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Academic Senate Passes Resolutions Supporting DACA and Undocumented Students

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Cal State Fullerton’s Academic Senate took a stand for DACA and undocumented students at yesterday’s (Dec. 8) meeting, passing two resolutions in support of these students. The actions were taken before a standing-room only audience that included faculty, staff, administrators and more than 60 students.

Sean Walker, chair and professor of biological science, introduced the “Resolution in Support of the U.S. 2012 Deferred Action for Childhood Arrivals (DACA) Program”as a piece of urgent business. He noted that more than 400 universities across the nation have voiced their support.

“Members of the Senate Executive Committee believe that it is important to make a stance that we ‘urge our colleagues, community, state and national leaders across the business, civic, religious, government and nonprofit sectors to join with us in the urgent matter of supporting DACA and all our students’,” Walker said quoting from the resolution, adding “‘that we urge our country’s leaders to uphold, continue and expand DACA, and encourage the CSU community to strongly advocate for the continuation and expansion of DACA.'”

The resolution included a request for distribution throughout the campus, the California State University, to Gov. Jerry Brown, the speaker of the California Assembly and the president pro tempore of the California Senate, as well as President-elect Donald J. Trump.

“We should do more,” said Nancy Fitch, chair and professor of history. “This is one of the most important resolutions that we’ve passed in many, many years.

“This is foundational not only to your future,” she said to the students in the room. “But to our University.”

“DACA students are important members of our campus,” agreed John Patton, professor of anthropology, a sentiment echoed by many of the Academic Senate members.

“The DACA program has allowed people to not only study here, but to work here,” said Alejandro Gradilla, associate professor of Chicana and Chicano studies. “They are here because of DACA. It is important for us to recognize and support our colleagues.”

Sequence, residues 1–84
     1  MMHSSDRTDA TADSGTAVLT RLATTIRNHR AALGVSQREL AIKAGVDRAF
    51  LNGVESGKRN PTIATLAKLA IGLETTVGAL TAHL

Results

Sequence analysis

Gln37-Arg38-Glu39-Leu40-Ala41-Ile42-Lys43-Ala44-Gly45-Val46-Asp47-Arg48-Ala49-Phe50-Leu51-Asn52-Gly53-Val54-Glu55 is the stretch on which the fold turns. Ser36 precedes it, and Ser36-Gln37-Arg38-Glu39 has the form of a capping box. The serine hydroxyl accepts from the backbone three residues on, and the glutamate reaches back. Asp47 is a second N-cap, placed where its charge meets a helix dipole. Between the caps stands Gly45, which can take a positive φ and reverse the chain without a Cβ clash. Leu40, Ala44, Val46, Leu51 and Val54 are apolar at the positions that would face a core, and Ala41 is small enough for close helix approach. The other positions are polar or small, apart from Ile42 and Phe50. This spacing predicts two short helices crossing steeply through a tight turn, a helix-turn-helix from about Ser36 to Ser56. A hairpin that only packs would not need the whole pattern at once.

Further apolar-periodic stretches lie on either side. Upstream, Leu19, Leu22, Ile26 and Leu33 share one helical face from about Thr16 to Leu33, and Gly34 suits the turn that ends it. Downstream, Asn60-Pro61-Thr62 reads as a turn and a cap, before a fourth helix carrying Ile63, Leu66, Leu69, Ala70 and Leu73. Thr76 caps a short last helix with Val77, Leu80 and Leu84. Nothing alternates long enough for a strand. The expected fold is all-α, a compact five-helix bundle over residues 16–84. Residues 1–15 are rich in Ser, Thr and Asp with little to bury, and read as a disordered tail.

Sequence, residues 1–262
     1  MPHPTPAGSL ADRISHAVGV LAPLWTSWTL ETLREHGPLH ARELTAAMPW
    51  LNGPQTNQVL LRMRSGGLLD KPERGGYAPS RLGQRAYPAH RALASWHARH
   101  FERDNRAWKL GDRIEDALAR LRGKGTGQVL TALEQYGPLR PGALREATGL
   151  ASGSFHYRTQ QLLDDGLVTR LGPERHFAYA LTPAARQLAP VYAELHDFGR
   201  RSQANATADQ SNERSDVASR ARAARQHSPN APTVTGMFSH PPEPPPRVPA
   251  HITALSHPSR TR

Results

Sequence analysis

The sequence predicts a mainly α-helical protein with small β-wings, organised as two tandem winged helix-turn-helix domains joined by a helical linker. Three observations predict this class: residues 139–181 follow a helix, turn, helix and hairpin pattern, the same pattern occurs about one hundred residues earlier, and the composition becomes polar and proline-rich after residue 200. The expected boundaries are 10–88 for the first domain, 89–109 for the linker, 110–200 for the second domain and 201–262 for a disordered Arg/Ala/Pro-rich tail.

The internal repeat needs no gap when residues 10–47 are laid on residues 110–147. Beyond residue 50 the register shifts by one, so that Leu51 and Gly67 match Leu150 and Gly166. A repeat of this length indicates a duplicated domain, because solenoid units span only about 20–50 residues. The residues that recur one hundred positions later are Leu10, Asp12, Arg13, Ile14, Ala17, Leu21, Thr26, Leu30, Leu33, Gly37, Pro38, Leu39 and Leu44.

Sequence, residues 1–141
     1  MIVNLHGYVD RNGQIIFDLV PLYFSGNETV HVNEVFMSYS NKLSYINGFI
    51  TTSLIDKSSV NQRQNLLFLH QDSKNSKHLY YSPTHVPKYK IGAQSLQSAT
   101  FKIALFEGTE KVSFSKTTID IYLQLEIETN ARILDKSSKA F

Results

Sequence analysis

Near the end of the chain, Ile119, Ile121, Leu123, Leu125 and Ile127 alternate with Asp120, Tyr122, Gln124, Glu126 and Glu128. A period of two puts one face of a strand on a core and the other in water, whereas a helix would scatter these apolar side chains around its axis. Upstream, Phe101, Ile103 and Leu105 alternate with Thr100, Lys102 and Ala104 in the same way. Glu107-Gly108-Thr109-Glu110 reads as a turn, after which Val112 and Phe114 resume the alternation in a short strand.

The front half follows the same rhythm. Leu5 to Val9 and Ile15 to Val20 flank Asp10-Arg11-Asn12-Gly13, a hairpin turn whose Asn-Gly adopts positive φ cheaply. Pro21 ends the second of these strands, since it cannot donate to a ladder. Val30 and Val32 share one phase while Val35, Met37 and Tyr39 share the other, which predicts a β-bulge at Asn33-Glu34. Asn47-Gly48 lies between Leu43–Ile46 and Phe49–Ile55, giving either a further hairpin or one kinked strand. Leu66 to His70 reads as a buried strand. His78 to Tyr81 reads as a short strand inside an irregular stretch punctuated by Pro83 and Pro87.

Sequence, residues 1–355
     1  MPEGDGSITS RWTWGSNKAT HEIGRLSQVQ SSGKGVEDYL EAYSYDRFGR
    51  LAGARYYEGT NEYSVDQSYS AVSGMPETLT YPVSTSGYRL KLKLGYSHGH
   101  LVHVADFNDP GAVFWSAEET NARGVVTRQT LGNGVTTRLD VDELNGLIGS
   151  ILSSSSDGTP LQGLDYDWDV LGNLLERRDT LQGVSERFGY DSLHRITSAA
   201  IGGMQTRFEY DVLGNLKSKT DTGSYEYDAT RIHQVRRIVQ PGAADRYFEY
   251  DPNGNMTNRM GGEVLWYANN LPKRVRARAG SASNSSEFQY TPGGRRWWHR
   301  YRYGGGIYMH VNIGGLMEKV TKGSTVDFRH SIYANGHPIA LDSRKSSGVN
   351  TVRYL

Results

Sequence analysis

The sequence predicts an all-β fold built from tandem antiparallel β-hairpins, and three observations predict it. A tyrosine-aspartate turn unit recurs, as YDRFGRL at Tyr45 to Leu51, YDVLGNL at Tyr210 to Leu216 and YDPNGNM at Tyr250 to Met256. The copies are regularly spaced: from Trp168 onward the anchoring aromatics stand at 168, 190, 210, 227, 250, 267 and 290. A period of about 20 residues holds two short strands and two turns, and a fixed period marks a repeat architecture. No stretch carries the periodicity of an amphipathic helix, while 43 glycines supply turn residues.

Gradilla presented the “Resolution in Support of Undocumented Students,” quoting “CSU Fullerton strives to provide a caring and safe place for students irrespective of their status …”

And, “‘that the CSUF Academic Senate strongly encourages our campus and the CSU system to adopt policies that protect and prohibit the release of information regarding the immigration status of our students and campus community members, regardless of circumstance, and prohibit employees from assisting with immigration authorities regarding deportations or raids.'”

“Even in a cursory look at our history, it is obvious that we are a country of immigrants. Diversity is our strength,” stressed Jon Bruschke, professor of human communication studies.

“If it comes to it, there are people in this room who will put their careers and their bodies on the line to protect you,” added Bruschke, eliciting a standing ovation.

“The significance of this is to provide a safe space for our students — all of you,” said Fitch. “That you need not fear coming to class, fear talking to faculty members … that you can count on the University and faculty being behind you and not be afraid.”

“Stay active and organized and we’ll do whatever we can to support you,” said Stephen Stambough, professor of political science.

“You are our future,” said Walker. “That’s what we need to support.”

The senate passed the first resolution unanimously. The second resolution was passed with one abstention.